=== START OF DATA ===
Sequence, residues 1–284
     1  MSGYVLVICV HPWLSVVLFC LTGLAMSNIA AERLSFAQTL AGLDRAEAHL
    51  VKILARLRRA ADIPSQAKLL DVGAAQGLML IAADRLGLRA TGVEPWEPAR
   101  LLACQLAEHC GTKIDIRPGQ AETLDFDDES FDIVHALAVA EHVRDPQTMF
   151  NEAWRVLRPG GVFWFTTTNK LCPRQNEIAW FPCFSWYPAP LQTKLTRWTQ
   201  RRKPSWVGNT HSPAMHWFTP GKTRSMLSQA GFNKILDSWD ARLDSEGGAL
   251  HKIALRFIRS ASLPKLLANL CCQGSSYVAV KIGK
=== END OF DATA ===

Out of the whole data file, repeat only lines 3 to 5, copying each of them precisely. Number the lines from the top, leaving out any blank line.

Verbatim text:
    51  VKILARLRRA ADIPSQAKLL DVGAAQGLML IAADRLGLRA TGVEPWEPAR
   101  LLACQLAEHC GTKIDIRPGQ AETLDFDDES FDIVHALAVA EHVRDPQTMF
   151  NEAWRVLRPG GVFWFTTTNK LCPRQNEIAW FPCFSWYPAP LQTKLTRWTQ